Protect Your Assets when Outsourcing

Chances on you have spent a lot of time, energy, and money developing your niche, selecting your list of keywords, creating marketing strategies, and more. You have worked hard and must protect your assets when outsourcing. It is important to be aware of the dangers.

Hopefully, the niche you have selected has a large audience and not too much competition. You have done your research and are very aware of critical keywords and strategies that have gotten you where you are today and will continue to serve you.

Caution Is Required

Because of that – you want to outsource carefully. You must be selective about the type of work you outsource in order to protect your niche and your business

Since we are talking about primarily outsourcing content creation, you are probably fairly safe. As a rule most Internet marketers are comfortable outsourcing copywriting and website design. But, they hold marketing and keyword development a little closer to the vest.

Copywriting involves optimization of keywords rather than secret strategies for developing a niche and selecting keywords. However you will be sharing keywords and this is where you have to be careful.

NEVER post a list of keywords in an advertisement for a copywriter. Do not make them easily accessible to anyone who may be looking. It is fairly common knowledge that Internet marketers often make the mistake of posting their keywords on job boards; and scavengers visit such websites frequently to cherry pick at will.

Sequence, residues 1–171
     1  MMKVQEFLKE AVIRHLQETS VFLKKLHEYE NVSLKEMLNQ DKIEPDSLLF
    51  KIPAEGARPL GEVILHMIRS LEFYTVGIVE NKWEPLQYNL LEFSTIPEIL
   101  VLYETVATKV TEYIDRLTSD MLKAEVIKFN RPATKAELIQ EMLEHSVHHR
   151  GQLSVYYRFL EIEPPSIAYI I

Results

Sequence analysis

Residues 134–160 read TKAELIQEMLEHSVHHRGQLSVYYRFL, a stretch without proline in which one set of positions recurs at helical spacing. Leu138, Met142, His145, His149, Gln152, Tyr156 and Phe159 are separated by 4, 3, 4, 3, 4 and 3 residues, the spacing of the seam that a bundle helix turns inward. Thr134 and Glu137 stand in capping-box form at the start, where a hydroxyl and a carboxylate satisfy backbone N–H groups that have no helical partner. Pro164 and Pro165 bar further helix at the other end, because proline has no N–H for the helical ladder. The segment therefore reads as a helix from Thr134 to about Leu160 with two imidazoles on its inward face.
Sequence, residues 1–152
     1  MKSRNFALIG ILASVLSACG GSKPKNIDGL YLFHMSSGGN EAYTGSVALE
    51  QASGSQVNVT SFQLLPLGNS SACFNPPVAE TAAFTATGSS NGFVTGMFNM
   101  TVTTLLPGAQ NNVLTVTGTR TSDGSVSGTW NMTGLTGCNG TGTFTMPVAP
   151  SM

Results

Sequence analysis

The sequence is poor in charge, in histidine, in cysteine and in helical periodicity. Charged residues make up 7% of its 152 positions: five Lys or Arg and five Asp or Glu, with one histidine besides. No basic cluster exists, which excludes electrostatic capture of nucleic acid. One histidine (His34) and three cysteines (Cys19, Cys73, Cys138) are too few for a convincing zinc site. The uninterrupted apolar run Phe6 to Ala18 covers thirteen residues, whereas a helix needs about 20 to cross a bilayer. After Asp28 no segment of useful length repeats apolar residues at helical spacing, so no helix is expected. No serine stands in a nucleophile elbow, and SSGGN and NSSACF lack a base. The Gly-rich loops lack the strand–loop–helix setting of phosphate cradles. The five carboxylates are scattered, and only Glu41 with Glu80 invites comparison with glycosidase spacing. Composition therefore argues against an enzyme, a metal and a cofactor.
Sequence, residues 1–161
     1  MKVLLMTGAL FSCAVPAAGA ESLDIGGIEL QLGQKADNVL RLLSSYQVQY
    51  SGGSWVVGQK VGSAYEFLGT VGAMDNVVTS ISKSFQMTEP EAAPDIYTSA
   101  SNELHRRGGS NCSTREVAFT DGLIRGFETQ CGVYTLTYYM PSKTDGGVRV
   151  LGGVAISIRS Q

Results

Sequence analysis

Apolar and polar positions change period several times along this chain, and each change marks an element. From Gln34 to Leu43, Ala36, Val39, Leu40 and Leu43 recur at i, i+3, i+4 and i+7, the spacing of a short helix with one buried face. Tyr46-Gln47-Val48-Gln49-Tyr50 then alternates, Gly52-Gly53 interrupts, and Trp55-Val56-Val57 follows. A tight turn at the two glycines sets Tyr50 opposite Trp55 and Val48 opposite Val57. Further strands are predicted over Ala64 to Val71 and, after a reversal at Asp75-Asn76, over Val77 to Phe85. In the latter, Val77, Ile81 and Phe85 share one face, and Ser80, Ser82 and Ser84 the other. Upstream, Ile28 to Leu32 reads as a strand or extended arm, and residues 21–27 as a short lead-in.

Share relevant keywords through an email with the individual that you select to create your content and ask him/her to sign an non-disclosure agreement before you do so.

Once you have selected the individual(s) you feel are a good fit, share only the keywords you want for the focus of each assignment through a protected email account.

Non-disclosure Agreement

A non-disclosure agreement is a good way for an Internet marketer to protect his niche when he is outsourcing.

A non-disclosure agreement (NDA) specifies the rights of the business owner (you) and clearly outlines what is and is not permissible use by the contractor regarding sensitive materials.

Examples of things you may want to include (and definitely not all inclusive):

  • Purpose of the contract – restrictions and limitations.
  • Time duration that the contract is binding
  • Parties involved and their roles
  • Definition of sensitive materials (e.g. the niche, keywords, and any information regarding marketing strategy)
  • Explanation of how materials can be transmitted (e.g. secure emails and telephone conversations)
  • Non-compete in niche for specific time period (e.g. for the term of the contract and one year after the contract ends.)

Disclaimer: I am not an attorney. This is for information purposes only. My recommendation is that you speak to an attorney and have a non-disclosure agreement drafted that is legally sound.

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